I haven't seen any polls on the subject, but my gut feeling is that Georgia's senior senator Saxby Chambliss isn't going to have a cakewalk if he chooses to run for a second term next year.
Chambliss, who unseated hapless Democrat Max Cleland in 2002, angered Democrats with some of his campaign tactics back then. Since that time, he has angered a lot of Republican voters with his role in immigration reform. If Chambliss has a legion of staunch defenders, I haven't heard from them.
Readers who tell me they are Republicans to the core are still mad for what they perceive as his sellout to agricultural interests in the immigration debate and say they would vote for a viable alternative.
Yet, as miffed as many Georgians are with Chambliss, they are loath to send a Democrat to Washington to join the Looney Left majority. That may be the senator's political salvation.
Georgia Democrats, in their infinite wisdom, have offered up little more than cannon fodder thus far: Dale Cardwell, an Atlanta television reporter with no political experience and little name recognition; Rand Knight, an ecologist with no political experience and even less name recognition; and Vernon Jones, CEO of DeKalb County, who no doubt will be busy trying to explain a well-publicized sexual episode in his home in 2004.
Even with this kind of lackluster competition, Chambliss should not rest easy. Not too many years ago, a modest and much-beloved columnist was loudly proclaiming to anyone who would listen that there was no way poorly financed Republican challenger Sonny Perdue could defeat heavily favored incumbent Gov. Roy Barnes. Come Election Day, Perdue rolled Barnes like a cheap cigarette.
Recently, State Sen. Jim Whitehead of Evans was the odds-on favorite to replace the late Charlie Norwood in Georgia's 10th congressional district. Whitehead had the backing of the Republican establishment, including Norwood supporters, and was running against a conservative physician in liberal Athens who was making his fourth try for public office. Guess what? Dr. Paul Broun won, and Whitehead lost.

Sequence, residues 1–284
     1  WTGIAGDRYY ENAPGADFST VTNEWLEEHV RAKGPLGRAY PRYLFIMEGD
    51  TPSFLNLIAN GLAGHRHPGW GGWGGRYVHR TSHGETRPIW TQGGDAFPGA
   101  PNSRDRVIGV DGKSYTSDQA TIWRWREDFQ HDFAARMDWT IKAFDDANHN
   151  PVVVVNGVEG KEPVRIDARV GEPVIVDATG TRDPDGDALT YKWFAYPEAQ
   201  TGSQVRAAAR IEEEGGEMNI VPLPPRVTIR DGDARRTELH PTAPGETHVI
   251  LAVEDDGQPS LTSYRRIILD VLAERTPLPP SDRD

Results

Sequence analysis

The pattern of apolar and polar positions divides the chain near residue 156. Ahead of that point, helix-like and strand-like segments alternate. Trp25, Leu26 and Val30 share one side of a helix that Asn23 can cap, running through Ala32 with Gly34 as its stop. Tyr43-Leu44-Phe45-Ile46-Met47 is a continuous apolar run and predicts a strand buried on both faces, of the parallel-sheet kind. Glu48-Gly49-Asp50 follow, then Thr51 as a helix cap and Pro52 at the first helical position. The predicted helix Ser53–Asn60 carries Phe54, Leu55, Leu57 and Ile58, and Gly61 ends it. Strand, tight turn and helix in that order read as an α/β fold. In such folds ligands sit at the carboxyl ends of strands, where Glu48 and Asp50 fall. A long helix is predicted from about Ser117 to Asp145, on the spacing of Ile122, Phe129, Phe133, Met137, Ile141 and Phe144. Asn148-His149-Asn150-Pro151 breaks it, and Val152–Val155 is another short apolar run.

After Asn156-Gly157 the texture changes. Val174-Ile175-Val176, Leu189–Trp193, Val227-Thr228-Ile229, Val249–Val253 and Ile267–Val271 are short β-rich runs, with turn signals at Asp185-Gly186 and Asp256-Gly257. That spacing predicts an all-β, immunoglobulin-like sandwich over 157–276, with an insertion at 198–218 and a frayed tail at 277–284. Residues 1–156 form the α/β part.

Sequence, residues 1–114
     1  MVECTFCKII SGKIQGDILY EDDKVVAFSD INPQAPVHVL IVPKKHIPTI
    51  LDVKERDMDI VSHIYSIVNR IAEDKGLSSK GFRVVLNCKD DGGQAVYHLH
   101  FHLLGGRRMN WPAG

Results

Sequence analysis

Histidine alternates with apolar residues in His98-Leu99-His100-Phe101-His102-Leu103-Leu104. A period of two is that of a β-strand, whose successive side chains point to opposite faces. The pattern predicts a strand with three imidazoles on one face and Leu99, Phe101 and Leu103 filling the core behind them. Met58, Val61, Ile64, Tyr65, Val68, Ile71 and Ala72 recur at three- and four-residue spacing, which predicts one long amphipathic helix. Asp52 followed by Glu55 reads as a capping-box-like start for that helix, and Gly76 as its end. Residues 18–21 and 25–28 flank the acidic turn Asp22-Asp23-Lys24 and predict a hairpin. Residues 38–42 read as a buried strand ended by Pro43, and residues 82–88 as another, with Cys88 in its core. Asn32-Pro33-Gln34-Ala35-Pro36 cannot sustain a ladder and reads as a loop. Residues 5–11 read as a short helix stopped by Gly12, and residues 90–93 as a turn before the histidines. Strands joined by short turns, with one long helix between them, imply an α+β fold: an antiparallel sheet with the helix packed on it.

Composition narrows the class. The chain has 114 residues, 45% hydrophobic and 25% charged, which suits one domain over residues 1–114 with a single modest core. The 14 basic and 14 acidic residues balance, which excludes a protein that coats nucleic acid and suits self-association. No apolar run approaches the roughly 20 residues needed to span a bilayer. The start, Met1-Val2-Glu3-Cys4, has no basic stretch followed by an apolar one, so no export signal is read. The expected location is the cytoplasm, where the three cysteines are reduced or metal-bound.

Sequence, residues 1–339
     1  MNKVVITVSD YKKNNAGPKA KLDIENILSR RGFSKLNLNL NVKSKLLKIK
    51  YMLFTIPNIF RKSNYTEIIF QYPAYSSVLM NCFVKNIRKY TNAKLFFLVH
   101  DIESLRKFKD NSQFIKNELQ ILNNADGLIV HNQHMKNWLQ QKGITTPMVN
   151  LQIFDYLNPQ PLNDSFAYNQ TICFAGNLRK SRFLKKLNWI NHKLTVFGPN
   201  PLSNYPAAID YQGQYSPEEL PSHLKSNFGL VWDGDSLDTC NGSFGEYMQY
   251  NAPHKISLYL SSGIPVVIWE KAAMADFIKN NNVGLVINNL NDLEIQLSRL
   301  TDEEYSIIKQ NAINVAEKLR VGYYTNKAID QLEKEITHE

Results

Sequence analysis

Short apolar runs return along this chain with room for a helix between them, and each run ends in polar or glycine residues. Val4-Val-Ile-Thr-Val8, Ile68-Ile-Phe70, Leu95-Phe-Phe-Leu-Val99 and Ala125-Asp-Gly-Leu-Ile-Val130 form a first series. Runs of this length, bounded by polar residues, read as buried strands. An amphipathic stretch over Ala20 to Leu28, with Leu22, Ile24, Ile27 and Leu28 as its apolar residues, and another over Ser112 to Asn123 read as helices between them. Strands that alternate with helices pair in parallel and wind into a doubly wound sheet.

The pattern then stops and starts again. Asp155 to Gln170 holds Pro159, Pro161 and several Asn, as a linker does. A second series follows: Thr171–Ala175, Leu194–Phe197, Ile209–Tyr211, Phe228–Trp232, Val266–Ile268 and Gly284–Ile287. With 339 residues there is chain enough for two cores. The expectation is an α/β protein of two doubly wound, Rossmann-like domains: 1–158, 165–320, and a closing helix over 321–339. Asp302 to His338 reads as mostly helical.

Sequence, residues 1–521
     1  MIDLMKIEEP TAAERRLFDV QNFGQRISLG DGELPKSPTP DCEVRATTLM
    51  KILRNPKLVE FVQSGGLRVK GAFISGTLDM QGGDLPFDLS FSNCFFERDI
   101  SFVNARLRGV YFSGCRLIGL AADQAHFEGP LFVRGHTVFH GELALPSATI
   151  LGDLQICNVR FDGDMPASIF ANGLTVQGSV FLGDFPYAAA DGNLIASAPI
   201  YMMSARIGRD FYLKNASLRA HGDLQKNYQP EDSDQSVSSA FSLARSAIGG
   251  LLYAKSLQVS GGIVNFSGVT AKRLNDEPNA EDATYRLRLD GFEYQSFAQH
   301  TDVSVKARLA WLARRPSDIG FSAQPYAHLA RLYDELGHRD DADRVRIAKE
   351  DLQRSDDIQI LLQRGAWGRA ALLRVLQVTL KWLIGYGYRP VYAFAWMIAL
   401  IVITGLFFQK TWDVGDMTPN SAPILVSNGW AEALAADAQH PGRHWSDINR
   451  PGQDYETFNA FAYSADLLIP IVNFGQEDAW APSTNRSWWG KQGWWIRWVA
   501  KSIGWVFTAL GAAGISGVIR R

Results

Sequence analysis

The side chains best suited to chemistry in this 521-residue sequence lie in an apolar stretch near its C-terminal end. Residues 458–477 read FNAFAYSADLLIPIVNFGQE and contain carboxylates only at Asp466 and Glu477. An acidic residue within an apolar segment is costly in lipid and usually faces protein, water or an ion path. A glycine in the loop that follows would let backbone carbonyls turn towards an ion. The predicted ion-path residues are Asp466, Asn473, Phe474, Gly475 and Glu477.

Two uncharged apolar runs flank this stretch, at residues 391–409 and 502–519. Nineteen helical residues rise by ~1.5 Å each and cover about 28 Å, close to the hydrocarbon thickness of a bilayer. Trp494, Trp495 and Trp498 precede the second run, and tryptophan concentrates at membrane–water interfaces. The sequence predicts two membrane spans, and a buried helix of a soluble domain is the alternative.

How do you explain this kind of thing? Barnes' apologists claim that it was disaffected schoolteachers and flaggers who caused his defeat. Not so.
Barnes was a victim of a poorly managed campaign and overconfident campaign staff. Whitehead's campaign was a train wreck. He was not helped by his comments that the University of Georgia was run by "a bunch of liberals" and that he wouldn't care if the whole place was bombed except for the football team. Broun was not hurt by the fact that his father, the late State Sen. Paul Broun, was one of the state's most beloved public officials.
But the explanation for winning and losing goes deeper than poor campaign strategy and foot-in-mouth disease.
Despite the modern-day marvels of political consultants, Internet blogs, YouTube and the like, candidates still have to earn our votes. There is no substitute for pressing the flesh with voters and showing them that you are still one of them. We will forgive our politicians a lot of things, but not being high-handed or self-important.
Not long ago, a good friend and major contributor to the Chambliss campaign took his grandson to hear the senator speak, planning on introducing the young man to Chambliss afterward. When the speech was over, Chambliss breezed past them both like a zephyr. Maybe he was on a tight schedule, but first things first.
Stiffing a contributor is not good, particularly one with a lot of influence in town. Stiffing his grandson is dumber than dirt. Can a U.S. senator know every voter personally? Of course not. Should a local staffer recognize the influentials on sight and give the senator a heads-up? You betcha. Chambliss can't afford many gaffes like that.
Future polls will likely show Saxby Chambliss favored to win re-election next year, given the quality of his current Democratic opposition. But don't bet the farm on it just yet. I don't know many people who are excited about our senior senator, but I know a lot who aren't. Chambliss and his staff clearly have some kiss-and-make-up to do with Georgia voters if he wants a second term.
E-mail columnist Dick Yarbrough at email@example.com.